Eighteen years ago, the 9/11 terrorist attacks claimed the lives of nearly three thousand people, including 343 first responders — firefighters, police and EMS personnel. To honor those who died, the first 9/11 Memorial Stair Climb will be held this month in Centre County.
Participants in the inaugural Central Pennsylvania 9/11 Memorial Stair Climb will climb 2,200 steps — the equivalent of the 110 floors in each of the twin towers. The event will take place at Penn State’s Medlar Field on Saturday, Sept. 28, and is co-hosted by the National Fallen Firefighters Foundation, WHVL-TV and the State College Spikes.
Firefighter Scott Fleck works for the Horton Township Volunteer Fire Department and is helping organize the event in Centre County. Having participated in two national climbing events in New York, Fleck said they are humbling experiences.
“For the first one, I didn’t really want to train,” he said. “I just wanted to experience it, but it’s always a little bit harder when you have extra weight to carry.”
After first participating in the climb wearing full gear, Fleck said he did some training for his second climb.
Registration is open to all ages and costs $30 per person. Participants may enter as individuals or as a team. They will receive a T-shirt and a name badge in honor of a fallen firefighter. Individuals may also climb in honor of a friend or family member.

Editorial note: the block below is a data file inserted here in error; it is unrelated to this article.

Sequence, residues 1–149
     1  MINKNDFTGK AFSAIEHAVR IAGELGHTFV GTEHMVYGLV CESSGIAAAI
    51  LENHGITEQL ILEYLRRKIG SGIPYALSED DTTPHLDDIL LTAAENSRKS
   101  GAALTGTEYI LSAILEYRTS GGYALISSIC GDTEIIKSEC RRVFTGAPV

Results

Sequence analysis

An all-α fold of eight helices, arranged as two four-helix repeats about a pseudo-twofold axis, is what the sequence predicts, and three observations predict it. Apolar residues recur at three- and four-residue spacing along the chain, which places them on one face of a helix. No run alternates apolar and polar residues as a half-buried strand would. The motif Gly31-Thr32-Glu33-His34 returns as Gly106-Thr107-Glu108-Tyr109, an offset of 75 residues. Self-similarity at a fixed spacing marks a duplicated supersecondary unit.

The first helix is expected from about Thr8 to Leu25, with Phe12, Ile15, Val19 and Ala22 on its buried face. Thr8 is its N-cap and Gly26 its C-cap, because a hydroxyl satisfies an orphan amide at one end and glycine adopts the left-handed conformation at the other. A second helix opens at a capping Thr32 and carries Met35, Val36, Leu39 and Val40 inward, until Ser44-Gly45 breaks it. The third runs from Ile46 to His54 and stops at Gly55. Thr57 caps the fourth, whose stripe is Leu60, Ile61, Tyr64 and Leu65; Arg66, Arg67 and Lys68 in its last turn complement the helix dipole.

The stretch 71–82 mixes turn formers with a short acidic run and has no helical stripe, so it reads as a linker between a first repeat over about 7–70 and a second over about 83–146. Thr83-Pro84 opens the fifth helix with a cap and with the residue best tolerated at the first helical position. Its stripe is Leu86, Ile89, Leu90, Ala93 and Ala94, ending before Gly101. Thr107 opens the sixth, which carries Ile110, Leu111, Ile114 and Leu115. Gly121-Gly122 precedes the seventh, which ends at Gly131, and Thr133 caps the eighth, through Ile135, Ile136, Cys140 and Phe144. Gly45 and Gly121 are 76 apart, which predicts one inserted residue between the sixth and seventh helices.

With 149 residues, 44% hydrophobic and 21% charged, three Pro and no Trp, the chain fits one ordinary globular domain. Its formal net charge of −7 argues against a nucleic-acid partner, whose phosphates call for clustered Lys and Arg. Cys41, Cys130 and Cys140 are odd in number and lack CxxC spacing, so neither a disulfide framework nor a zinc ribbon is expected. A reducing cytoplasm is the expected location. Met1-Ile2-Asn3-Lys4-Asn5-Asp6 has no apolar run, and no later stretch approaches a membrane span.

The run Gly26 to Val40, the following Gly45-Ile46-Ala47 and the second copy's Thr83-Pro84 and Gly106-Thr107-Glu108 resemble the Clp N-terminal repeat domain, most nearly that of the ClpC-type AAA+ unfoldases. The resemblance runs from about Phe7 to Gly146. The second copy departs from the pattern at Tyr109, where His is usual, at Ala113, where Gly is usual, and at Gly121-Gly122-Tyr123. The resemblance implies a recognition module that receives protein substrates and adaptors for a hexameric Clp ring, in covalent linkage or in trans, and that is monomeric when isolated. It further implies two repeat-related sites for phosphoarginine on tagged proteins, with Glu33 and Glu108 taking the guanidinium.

“You don’t have to be a firefighter, police or EMS to participate in the climb,” Fleck said.
While the event is meant to honor the 343 first responders who died on 9/11, Fleck said it also helps remember the 200 firefighters who died from illnesses connected to their work at the World Trade Center.
“There’s a lot of line of duty deaths,” Fleck said, adding that a fire chief close to him died weeks before he did a 9/11 climb. “That really hit home for me, so I climbed in his memory.”
The first stair climb was held in 2005 when five Colorado firefighters convened at a high-rise building in Denver and climbed 110 flights of stairs. Each year, the number of participants grew until it was capped at 343 participants in 2008.
About 20 participants are registered for the event at Medlar Field, but Fleck hopes to see that number reach between 50 to 100 climbers.
“It’s not a race. It’s not a timed event,” he said. “It’s just a great way to raise funds and remember those who died in the line of duty.”
All proceeds will be donated to the NFFF to help support families of local fallen firefighters and the Fire Department of New York’s Counseling Services Unit. The NFFF was formed in 1992 by the United States Congress to help remember fallen firefighters. Since then, the nonprofit has developed and expanded programs to honor first responders, their families and colleagues.